COMM. ROBERT HAAS, CAMBRIDGE POLICE: I have not been to the actual address. I've been near there, but haven't been in at all.

BLITZER: I guess the FBI has been going in there, going through everything.

HAAS: Crime scene for the FBI standpoint. Yes.

BLITZER: What can you tell us about the weapons that they had? They didn't have a license to own a weapon, did they?

HAAS: No, neither one of them had a license. The younger brother, by virtue of his age, wouldn't be eligible of getting a license. And we have no record them ever applying for the older brother --

BLITZER: You have to be 21 to get a license --

HAAS: Twenty-one.

BLITZER: In Cambridge.

HAAS: In Cambridge.

BLITZER: So he was 19. The older one, there's no record.

HAAS: No record of applying.

BLITZER: What kind of weapons did they have?

HAAS: I have no idea, it's still part of the investigation.

BLITZER: But they -- they had no authority to buy weapons or have weapons, they had no licenses, so somehow they've got them. Who's investigating that part of the story?

HAAS: There's actually two investigations going on, as you can imagine what took place on April 15th is a federal investigation part of the task force. And then there's also a homicide investigation that's being conducted by the Middlesex District Attorney's Office. The state police assigned a (INAUDIBLE) unit and our detectives.

BLITZER: So what's your role in this?

HAAS: So we're very much focused on the homicide investigation that took place in Cambridge.

BLITZER: The killing of the MIT Police Officer Sean Collier.

HAAS: Correct.

BLITZER: Tell us how that happened.

HAAS: So we had gotten a report of a robbery at 7-Eleven in Central Square and then five minutes later get a report of an officer shot at MIT, at Mass and Vassar. Officers responded there initially thinking that the two incidents are connected. We later learned they are not connected to one another. And then we actually started to conduct our investigation. It was nearly an hour later that we then got a report of a carjacking.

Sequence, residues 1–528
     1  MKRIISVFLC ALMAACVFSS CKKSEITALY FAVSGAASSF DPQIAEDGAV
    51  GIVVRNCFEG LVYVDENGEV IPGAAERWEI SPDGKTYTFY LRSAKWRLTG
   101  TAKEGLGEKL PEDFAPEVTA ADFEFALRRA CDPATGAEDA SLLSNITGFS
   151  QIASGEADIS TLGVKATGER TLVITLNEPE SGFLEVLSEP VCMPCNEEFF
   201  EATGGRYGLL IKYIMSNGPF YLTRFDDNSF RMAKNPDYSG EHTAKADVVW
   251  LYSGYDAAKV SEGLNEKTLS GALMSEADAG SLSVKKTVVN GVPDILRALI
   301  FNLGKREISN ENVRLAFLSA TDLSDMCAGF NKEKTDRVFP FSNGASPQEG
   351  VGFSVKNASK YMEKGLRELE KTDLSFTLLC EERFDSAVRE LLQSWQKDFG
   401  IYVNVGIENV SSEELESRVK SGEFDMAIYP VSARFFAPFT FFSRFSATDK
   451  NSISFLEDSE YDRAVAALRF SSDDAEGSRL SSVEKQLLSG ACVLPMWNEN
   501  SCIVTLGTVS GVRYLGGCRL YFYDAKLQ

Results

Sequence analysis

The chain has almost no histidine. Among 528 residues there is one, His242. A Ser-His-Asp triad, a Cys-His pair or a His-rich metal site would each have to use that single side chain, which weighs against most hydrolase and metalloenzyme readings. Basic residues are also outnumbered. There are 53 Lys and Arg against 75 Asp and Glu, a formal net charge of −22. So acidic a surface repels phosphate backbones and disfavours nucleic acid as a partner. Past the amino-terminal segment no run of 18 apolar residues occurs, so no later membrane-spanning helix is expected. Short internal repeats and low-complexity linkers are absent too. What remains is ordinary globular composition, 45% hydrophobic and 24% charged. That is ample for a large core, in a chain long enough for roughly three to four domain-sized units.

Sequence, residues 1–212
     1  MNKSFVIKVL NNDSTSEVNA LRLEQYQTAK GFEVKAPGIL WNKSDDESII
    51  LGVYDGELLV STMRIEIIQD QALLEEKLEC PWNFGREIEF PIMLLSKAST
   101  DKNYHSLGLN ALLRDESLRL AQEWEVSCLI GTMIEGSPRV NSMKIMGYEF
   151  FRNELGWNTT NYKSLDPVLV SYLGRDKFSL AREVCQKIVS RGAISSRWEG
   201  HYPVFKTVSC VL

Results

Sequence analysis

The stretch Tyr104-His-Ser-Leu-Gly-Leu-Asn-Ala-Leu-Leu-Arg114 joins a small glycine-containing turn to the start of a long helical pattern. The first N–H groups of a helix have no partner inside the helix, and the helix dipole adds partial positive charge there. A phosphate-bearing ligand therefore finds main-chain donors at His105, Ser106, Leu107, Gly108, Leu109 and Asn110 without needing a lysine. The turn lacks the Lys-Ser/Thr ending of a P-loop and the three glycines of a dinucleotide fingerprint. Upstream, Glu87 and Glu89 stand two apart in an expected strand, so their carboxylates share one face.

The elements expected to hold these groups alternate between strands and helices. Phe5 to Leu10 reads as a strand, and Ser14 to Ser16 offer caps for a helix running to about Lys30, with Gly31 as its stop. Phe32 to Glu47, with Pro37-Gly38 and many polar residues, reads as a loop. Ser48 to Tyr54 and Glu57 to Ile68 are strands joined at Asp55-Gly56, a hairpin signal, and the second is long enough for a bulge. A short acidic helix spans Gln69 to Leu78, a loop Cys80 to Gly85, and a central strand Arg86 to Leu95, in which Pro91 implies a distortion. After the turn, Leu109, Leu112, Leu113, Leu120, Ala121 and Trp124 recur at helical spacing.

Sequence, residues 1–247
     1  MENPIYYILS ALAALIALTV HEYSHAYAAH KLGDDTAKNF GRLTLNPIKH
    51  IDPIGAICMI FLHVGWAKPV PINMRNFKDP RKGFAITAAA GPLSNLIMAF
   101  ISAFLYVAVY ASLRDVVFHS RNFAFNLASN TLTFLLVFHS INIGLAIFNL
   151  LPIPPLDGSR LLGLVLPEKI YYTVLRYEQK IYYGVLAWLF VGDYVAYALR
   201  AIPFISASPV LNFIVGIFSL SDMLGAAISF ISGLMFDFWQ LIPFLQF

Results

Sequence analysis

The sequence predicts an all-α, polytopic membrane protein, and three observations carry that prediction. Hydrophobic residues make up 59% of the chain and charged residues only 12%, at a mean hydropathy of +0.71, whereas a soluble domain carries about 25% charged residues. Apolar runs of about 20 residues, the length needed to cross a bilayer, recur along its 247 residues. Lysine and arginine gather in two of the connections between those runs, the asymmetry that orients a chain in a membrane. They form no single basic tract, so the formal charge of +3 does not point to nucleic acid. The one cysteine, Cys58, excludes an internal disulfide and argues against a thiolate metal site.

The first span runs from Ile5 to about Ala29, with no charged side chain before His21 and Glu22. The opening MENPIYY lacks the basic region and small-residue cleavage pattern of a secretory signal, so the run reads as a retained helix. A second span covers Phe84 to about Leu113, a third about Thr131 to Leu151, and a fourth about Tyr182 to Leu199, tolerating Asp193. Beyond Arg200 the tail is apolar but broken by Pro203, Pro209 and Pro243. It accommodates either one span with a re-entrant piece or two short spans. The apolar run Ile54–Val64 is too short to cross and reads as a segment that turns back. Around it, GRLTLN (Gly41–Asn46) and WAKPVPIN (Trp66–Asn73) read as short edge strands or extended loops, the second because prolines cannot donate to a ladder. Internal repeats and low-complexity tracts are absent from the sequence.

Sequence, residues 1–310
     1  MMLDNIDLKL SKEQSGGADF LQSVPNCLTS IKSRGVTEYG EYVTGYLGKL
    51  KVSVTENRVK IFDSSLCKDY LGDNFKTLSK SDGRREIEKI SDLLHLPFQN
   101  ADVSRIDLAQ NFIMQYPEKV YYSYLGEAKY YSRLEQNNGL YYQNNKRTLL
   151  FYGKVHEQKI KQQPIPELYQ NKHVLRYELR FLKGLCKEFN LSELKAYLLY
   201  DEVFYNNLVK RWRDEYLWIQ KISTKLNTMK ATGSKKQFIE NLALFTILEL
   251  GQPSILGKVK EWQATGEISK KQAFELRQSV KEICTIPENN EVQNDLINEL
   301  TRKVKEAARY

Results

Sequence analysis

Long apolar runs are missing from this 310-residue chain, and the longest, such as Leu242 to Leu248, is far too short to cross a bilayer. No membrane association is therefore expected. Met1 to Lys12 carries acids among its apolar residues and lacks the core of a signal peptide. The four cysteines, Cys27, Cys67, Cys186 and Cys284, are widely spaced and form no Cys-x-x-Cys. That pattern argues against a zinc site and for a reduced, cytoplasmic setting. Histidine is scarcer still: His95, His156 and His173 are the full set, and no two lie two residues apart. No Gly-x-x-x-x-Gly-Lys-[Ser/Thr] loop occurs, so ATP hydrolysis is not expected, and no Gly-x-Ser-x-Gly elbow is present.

Obtained some photographs from the people that went into the Shell station and were able to link it up back to what, we think, was the homicide. Still very much under investigation. At this point, they're still suspects in that case, as well.

BLITZER: Where was Sean Collier, the MIT police officer?

HAAS: He was situated beside an MIT building monitoring traffic at the time when this incident took place and was there when -- he was approached and attacked.

BLITZER: Was there any -- you know, anything that led to that attack? Did he do anything, was he just standing there?

HAAS: No. He was sitting in his police cruiser at the time. And it appears that the suspects approached from the rear of the cruiser and then fired four to five shots into the cruiser.

BLITZER: Do you know what kind of weapons they used?


BLITZER: Just randomly they decided they wanted to kill this police officer?

HAAS: We're not sure of the motivation at this point.

BLITZER: But they were suspicious that maybe he could be a threat to them, and that's why they assassinated him and killed him if you will?

HAAS: We don't know. We have no idea at this point in time. That's why we're hopeful that we'd get some answers.

BLITZER: And another police officer was injured in the course of that exchange, as well. Another transit authority --

HAAS: That was later on when there the -- when there was a pursuit up in Watertown and basically they were able to initially corner the suspects and then the MIT or the MBTA police officer received his wounds at that location. BLITZER: That's Officer Donohue, he remains in very serious condition, as well.

HAAS: Right.

BLITZER: Tell us a little bit about Sean Collier, the 26-year- old MIT police officer.

BLITZER: So he's been on the force for 14 to 15 months. He was planning to go to Summerville Police Department as of June 3rd. Young police officer, was very much involved in the community, very much involved with the MIT community, very much involved with the homeless shelter in Cambridge. So he was very committed to the community. Very well thought of. Very well respected. Really had -- for every intents and purpose, had a bright future in front of him.

BLITZER: What a tragedy.

HAAS: It was. Great tragedy.

BLITZER: Good men. I assume you've been in touch with his family?

HAAS: We have. We've actually visited the family. And we really -- you know, we are -- we really deeply feel the loss, both in Cambridge Police Department and MIT Police Department, we work so closely together. So he was part of our training program. We answered calls together, so it's a very tight community and really our feelings and our sympathies go to the family. The MIT community, and especially the MIT police that are really suffering at this point in time.

BLITZER: I'm sure they are. Commissioner, thanks very much for coming in. Give our best wishes to everyone over there. And our deepest, deepest condolences.

HAAS: Thank you very much.


BLITZER: In our next hour, we're learning more about the widow of the suspect number one, Tamerlan Tsarnaev. Just ahead, her reaction to the bombings. Stay with us for that.

Also, an extraordinary moment marking the attacks that occurred one week ago today.